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Joy Knott has been living with secondary breast cancer since 2011. She tells us about the difficulties she faced getting diagnosed and the importance of being aware of the symptoms of secondary breast cancer.
I was initially diagnosed with primary breast cancer, aged 38, at the end of 1998. I had a mastectomy and chemotherapy as part of a drug trial. I was monitored for 10 years and discharged in 2009.
Two years later, I was diagnosed with secondaries in my left lung. My cancer was identified as ER+ and HER2+ so I received trastuzumab (Herceptin) and hormone therapies, plus radiotherapy on my lung followed by surgery.
I was also diagnosed with a paralysed left vocal cord because of damage caused to my vocal nerve by my lung tumour, which caused problems with my voice. I’ve had three surgeries to correct it, which has helped me speak more audibly.
In total, I have been living with secondary (metastatic) breast cancer for nine years. My original prognosis was one to three years maximum, so I have outlived that by a long way!
I used to teach young children, and had persistent problems with coughing, wheezing, breathlessness and difficulty maintaining my voice at work. This started well over a year before my secondary diagnosis.
I visited the doctor a number of times and was treated for chest infections and worsening asthma. Eventually, I was referred to the respiratory department at the hospital.
The consultant there thought I was maybe suffering with a reflux cough, but decided to send me for breathing tests as a precaution. These tests showed that I was ill with a suspected chest infection, so my consultant asked me to go for a chest x-ray that day. My x-ray showed a partially collapsed lung on the left side with fluid filling the cavity.
I asked if it was possible that something like a tumour could be causing the problem, and was told it might. That was the first time that the thought of a recurrence of my breast cancer crossed my mind.
I subsequently spent nearly two weeks in hospital having scans, blood tests, antibiotics, nebulisers and chest drains. I was told that the problem was a tumour in my lung, but that they were unsure whether it was related to my previous breast cancer or if it was lung cancer.
The only way they could identify what sort of cancer I had was through a EBUS bronchoscopy, used to take a biopsy of the tumour. Several stressful weeks followed waiting for an appointment at a different hospital which had the equipment needed. The biopsy revealed that the tumour was secondary breast cancer – I received this result over two-and-a-half months after my hospital admission.
This delay in diagnosis had a profound impact on me. It was a very anxious time involving a lot of tests and waiting for results. I spent a lot of that time researching secondary breast cancer online. I was very upset to read that it was incurable, something I was totally unaware of. I was also very poorly, too ill to go back to work before the summer break.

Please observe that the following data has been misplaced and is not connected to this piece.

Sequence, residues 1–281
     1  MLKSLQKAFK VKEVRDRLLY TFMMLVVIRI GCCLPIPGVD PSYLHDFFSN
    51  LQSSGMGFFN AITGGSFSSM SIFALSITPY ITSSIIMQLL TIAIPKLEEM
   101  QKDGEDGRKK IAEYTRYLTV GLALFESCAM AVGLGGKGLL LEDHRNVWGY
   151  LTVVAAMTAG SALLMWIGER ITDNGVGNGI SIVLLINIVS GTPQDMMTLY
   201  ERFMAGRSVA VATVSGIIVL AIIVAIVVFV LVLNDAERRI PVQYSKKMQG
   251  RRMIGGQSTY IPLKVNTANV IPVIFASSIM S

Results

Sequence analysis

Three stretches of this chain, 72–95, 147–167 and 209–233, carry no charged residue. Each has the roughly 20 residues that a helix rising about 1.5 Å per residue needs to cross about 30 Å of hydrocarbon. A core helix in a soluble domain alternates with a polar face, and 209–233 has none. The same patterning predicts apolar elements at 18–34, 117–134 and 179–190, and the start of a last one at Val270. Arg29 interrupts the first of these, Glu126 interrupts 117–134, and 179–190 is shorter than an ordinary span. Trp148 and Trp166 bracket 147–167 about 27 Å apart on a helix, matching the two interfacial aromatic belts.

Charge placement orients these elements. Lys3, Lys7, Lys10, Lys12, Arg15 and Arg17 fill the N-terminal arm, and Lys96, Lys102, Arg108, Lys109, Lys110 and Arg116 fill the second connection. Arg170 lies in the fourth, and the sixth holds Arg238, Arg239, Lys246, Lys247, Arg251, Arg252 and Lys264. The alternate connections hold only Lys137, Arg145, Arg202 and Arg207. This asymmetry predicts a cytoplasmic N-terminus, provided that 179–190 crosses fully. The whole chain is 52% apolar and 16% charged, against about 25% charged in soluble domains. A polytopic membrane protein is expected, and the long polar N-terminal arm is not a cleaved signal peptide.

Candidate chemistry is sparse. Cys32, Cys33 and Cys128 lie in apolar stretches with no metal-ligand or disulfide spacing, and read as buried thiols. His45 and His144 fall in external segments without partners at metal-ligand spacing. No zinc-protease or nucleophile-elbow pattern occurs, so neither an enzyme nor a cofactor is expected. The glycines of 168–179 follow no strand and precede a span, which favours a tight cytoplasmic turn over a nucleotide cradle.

I felt very vulnerable and isolated. I just wanted to know what my diagnosis was and to start treatment.
The GP I had initially seen was new to the practice. She never mentioned anything about my previous breast cancer. It had been 12 years, but looking back now, I feel that was no excuse.
I didn’t realise there could be a connection between my symptoms and breast cancer, and I don’t think my GP was aware of the signs and symptoms of secondary breast cancer either.
I also wasn’t told about secondary breast cancer at the point of my discharge from oncology after my primary diagnosis. I had a vague awareness that it could come back in my bones, as I had been sent for a scan when I developed neck and shoulder pain to check for secondaries.
At no point was I made aware of the signs and symptoms of secondary breast cancer.
I was used to having chest infections, as I had a history of bronchitis and pneumonia since I was a young child. But I had no idea that a persistent cough, wheeze and chest pain could be linked to breast cancer.
If I had known this, I would have asked the right questions and requested a referral. I should have been made aware of them much earlier.
I think things have improved in that area in the years since my secondary diagnosis, but I also think there is still a reluctance to scare women who have finished their breast cancer treatment.
The charities have definitely played their part in raising awareness of secondary breast cancer in recent years, but it has been a long time coming.
Since developing secondary breast cancer, I have devoted a lot of effort to raising awareness of what it is and how it can be identified. I’ve found that the general public have no idea what the term means or that it is in fact incurable.
We are sharing the voices of women with secondary breast cancer as part of our Unsurvivors campaign, which highlights that 11,500 people still die from breast cancer every year in the UK. We’re demanding urgent change so that everyone with secondary breast cancer can live well for as long as possible. Until we're seen. Until we're heard.
If you have any questions or concerns about secondary breast cancer, you can call the Helpline on 0808 800 6000.
To find out more about the signs and symptoms of secondary breast cancer, visit our information pages.
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After completing treatment for primary breast cancer, Debi was told very little about the risk of developing secondaries. Then, when she did try to seek help for her symptoms, she was turned away.